Study shows that sudden financial shocks top the list of retirement fears.
While many baby boomers are worried that they won’t have enough money for retirement, there’s something that worries them much more.
According to research released last week by insurance firm Apia, more than 50 per cent of those surveyed say that “sudden or unplanned financial expenses” top their list of retirement fears.
Head of Customer Value at Apia, Geoff Keogh said that these unexpected financial shocks, such as health scares or having to support family members, could easily ruin retirees’ finances.
“There’s an anxiety moving into the retirement phase on the basis of your ability to come back from an unexpected fall,” said Mr Keogh.
“You don’t have the benefits of time and as many options.”
The study also found that around three quarters of those aged 55 and over are already preparing for retirement, with 70 per cent believing they are on track to reach their retirement goals.
However, a senior financial adviser from Planning for Prosperity, Bob Budreika, claims his figures show that only 17 per cent of older Australians are actually ready for retirement.
“The rest are living in pixie-land,” said Mr Budreika.
“Until something serious happens like they run out of money or their investments are lost in a market downturn, there’s utter complacency.”
He went on to say that many retirees think they’ll get by on the Age Pension, but could be in for a rude awakening when they realise the pension will only be paying them half to one third of their pre-retirement income.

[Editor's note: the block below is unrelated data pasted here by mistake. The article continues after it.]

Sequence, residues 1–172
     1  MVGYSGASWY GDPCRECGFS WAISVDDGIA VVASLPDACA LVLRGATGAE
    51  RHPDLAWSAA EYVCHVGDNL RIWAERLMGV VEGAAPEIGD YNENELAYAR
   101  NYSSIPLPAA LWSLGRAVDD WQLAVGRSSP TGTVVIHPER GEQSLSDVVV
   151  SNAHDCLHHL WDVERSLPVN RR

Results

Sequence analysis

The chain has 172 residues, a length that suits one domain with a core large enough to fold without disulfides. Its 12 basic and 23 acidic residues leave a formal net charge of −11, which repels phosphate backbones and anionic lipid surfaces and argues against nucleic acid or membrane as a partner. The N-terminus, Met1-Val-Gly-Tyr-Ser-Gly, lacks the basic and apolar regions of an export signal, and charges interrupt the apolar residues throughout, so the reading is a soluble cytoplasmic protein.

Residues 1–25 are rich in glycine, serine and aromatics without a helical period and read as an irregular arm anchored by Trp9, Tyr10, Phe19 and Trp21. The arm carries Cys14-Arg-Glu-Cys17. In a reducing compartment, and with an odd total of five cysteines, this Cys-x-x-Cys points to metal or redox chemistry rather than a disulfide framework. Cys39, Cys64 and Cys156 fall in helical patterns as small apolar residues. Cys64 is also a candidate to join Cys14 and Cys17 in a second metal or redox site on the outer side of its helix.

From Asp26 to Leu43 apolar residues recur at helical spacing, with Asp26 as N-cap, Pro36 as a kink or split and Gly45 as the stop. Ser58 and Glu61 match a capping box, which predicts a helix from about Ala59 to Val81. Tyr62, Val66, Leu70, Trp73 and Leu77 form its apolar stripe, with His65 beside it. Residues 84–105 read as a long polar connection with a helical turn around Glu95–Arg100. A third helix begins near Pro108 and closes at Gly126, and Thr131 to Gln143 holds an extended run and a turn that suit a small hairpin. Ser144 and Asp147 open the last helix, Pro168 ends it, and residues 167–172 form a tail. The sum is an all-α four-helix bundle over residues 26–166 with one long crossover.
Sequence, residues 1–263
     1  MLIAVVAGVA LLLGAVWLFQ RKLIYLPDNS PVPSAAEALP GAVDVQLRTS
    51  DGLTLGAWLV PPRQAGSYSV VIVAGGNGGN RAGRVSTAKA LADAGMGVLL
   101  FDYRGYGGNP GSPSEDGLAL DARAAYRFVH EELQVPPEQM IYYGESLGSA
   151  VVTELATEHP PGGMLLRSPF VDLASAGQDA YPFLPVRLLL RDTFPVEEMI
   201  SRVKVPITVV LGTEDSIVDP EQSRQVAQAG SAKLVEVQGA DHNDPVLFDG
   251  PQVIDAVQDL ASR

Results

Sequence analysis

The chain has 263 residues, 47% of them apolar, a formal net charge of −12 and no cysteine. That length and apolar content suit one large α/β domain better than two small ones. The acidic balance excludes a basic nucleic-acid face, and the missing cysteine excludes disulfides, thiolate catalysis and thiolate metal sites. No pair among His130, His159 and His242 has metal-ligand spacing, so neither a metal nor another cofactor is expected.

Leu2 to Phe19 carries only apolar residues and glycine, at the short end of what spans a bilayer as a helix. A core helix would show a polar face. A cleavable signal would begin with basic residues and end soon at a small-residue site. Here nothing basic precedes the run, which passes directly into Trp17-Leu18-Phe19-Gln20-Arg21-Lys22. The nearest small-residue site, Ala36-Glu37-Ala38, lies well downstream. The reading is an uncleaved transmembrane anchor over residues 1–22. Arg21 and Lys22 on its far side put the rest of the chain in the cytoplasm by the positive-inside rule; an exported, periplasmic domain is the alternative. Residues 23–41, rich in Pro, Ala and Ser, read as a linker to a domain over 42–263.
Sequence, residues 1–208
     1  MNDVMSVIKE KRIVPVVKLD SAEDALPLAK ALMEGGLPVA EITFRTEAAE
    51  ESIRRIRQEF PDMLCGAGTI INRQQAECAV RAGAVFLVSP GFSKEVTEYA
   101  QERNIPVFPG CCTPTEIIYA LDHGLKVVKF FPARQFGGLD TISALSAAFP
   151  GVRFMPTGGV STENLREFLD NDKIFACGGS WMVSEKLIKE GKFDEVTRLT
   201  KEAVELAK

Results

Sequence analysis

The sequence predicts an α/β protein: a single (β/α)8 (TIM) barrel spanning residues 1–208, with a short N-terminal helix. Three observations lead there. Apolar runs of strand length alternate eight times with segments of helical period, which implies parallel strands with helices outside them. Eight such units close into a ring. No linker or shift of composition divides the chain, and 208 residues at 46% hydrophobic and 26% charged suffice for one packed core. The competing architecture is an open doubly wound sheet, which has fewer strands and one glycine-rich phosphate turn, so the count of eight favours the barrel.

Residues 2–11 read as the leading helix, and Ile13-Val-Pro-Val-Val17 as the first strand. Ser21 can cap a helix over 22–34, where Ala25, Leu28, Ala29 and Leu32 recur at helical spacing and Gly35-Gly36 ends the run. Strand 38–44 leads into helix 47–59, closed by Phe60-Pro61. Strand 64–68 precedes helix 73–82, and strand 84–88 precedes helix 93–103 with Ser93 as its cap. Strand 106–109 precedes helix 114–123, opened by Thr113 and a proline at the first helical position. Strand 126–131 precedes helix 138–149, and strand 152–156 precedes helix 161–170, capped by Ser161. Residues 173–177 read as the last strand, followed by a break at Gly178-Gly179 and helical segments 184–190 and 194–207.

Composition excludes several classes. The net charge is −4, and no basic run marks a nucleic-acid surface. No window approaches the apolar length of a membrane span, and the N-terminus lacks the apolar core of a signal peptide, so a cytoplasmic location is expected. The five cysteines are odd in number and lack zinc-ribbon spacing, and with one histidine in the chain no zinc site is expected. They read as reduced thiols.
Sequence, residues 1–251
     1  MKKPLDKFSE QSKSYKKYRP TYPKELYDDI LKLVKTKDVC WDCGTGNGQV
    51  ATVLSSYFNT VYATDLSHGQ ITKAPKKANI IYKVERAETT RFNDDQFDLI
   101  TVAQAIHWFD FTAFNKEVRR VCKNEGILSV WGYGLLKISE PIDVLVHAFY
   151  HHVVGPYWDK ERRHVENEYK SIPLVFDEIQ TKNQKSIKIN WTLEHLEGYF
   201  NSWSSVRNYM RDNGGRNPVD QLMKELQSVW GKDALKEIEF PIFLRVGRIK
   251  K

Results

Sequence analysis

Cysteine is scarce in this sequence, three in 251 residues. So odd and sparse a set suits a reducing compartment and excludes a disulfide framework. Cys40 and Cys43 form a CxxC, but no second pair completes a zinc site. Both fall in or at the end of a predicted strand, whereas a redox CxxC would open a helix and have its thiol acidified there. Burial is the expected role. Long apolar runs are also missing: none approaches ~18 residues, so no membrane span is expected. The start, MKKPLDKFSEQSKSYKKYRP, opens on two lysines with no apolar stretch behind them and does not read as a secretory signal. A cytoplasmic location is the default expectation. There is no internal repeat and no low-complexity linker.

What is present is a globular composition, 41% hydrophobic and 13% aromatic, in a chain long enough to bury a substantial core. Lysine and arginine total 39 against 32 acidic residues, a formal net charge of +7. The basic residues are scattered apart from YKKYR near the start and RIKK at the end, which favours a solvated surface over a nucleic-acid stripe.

“Be realistic about what your living expenses will be – don’t just assume,” said Mr Budreika.
His figures mirror YourLifeChoices’ research, which shows that almost 80 per cent of retirees are worried that they will outlive their savings.
Other key findings of the Apia survey include:
- 60 per cent of those surveyed said that being debt free is a primary retirement goal
- 48 per cent were saving for retirement travel
- one in three want to boost their savings accounts
- in hindsight almost 40 per cent would have started saving earlier
- one in three would have made additional superannuation contributions.
"Interestingly, one in 10 said they would have postponed their retirement until they were older or transitioned gradually through part-time work, reinforcing the value they place on ensuring they're in a positive retirement position,” said Mr Keogh.
"This trend could also be linked to the health and social benefits of work, with good mental and physical health being the top priority for retirement."
What’s your biggest retirement concern? Do you believe you can get by on the Age Pension? With the benefit of hindsight, would you have put off your retirement a little longer? And, if so, to what age?
Read more at www.apia.com.au